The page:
Are feminists asking for too much? Many men and even some women answer this question with a definitive “yes.” Critics of the feminist movement say that women in America have all their fundamental rights protected already. Still, feminists continue to mobilize, because their ultimate goal of equality under the law for both men and women has not been met.

Women cannot be equal under the law until they are included in the process that creates the law. Eleanor Roosevelt, first lady and the first chair of the United Nations’ Human Rights Commission, believed that women must be at the table negotiating policy themselves if their voices are to be heard. For this to happen, women must be included in all levels of government.

At first glance, it seems as if women have as much space as men to govern and craft policy. American laws do not prohibit women from running for office or holding executive positions. International law explicitly protects women’s political rights in the Convention on the Elimination of All Forms of Discrimination against Women, which gives women the right to participate in the formulation of government policy and to hold public office.

Despite the apparent opportunity, women are overwhelmingly not included in governing bodies. Although women make up 50.8 percent of the nation’s population, their representation in public positions falls far below that.

Rutgers’ Center for American Women and Politics portrays the discouraging number of women in American government. On a national scale, women represent just 19.4 percent of Congress, leaving the remaining 80.6 percent to men. Not to mention that no woman has yet held the presidency.

It doesn’t improve dramatically on a state level, either. Women hold just 24.2 percent of state legislature seats. Within the more “prestigious” state senates, the percentage is even lower. These figures point to the harsh reality that men are the ones dictating policy-making. Frighteningly, still, is that what begins with unequal political representation becomes unequal law.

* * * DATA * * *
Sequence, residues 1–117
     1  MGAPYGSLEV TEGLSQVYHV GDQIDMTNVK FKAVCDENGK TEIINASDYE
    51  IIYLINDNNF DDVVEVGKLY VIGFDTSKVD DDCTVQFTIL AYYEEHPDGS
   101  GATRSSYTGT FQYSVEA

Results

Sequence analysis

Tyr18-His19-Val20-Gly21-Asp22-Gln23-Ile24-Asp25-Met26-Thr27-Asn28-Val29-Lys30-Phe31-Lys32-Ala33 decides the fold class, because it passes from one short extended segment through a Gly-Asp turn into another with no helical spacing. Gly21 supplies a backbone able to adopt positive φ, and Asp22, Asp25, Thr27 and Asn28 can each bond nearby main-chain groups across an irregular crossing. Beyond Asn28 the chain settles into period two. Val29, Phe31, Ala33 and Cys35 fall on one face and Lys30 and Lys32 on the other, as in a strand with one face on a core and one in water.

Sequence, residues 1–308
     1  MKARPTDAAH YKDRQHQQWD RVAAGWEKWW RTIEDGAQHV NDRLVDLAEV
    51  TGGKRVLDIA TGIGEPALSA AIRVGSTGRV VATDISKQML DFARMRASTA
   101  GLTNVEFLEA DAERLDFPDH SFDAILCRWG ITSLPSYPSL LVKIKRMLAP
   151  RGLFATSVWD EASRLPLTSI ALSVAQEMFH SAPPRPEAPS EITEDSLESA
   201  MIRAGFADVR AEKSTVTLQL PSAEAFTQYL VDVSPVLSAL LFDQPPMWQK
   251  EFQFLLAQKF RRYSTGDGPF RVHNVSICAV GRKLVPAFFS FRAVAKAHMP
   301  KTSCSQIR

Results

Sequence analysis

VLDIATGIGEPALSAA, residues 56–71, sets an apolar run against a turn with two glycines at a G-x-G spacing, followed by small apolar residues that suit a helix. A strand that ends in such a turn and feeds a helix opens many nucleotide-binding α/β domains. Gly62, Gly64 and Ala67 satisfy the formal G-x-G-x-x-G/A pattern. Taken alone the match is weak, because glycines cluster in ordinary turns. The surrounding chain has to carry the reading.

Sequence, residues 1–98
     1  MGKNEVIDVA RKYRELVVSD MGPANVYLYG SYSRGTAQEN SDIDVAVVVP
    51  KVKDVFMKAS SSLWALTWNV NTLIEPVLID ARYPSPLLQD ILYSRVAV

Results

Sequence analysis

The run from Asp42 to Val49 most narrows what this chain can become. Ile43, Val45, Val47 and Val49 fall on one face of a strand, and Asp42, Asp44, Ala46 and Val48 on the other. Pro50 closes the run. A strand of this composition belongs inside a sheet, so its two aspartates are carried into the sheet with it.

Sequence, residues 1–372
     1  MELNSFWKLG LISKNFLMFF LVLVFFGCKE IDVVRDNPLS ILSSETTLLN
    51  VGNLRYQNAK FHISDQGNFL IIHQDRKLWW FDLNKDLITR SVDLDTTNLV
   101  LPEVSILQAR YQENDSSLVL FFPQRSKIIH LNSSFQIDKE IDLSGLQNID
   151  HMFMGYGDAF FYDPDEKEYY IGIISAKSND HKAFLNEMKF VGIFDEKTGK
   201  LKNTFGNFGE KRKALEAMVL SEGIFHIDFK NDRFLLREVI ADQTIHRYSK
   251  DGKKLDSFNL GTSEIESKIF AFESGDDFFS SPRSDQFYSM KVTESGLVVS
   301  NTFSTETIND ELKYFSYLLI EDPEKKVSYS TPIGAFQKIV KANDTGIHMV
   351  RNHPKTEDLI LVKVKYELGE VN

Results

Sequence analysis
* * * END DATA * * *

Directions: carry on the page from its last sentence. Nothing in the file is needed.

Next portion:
Because women do not have as great a voice in policy-making, it is difficult for them to address laws which disproportionately impact women. This leads the laws themselves to become unequal, often widening the gap between equality for men and women.

In 2012, when the Michigan Legislature was considering an anti-abortion bill, there were just 31 women holding seats. Ultimately, it was men who made the decision about what would happen with women’s bodies, and the few voices of women that were available were silenced. The New York Daily News reported that two female representatives were barred from speaking on the floor after they used the words “vagina” and “vasectomy.”

This serves to demonstrate the social inequality that still exists between men and women. Male legislators punished a woman for not speaking the language of law, or what is really the language of men. By reducing the value of these women’s voices, they also reduced the value of the women themselves.

Much of the existing inequality is directly linked to the lack of political representation by women. Men dominate the policy-making fields, despite the fact that they represent just half the population.

Yet when feminists point to this huge disparity, excuses are all that follow. Nobel laureate Jody Williams provided a telling example of this. When she asked a UN ambassador why so few women hold leadership and director-level roles within the United Nations, he replied that there weren’t enough qualified women.

A presumably intelligent and well educated man believed that not enough competent women existed to fulfill the role, though evidence says otherwise. According to the Russell Sage Foundation, a social science research center, not only do women earn more master’s degrees than men, they also earn more Ph.D.s and an almost equal number of professional degrees. With these numbers, it is nearly impossible to believe that qualified women don’t exist for high-level government jobs.

The problem is not women’s lack of certification, nor is it lack of legislation protecting women’s rights. Inequality stems from the fact that women are not the ones writing policy and designing law. Without female representation, unequal laws are passed and social inequality is perpetuated.

It is up to both women and men to change this by helping women campaign, get on the ballot and ultimately win the race. When women take their seat at the negotiating table, they can begin to erase inequality, and only then can feminists begin to achieve their goal of equality under the law.

Taylor Gunderson is an LSA junior.

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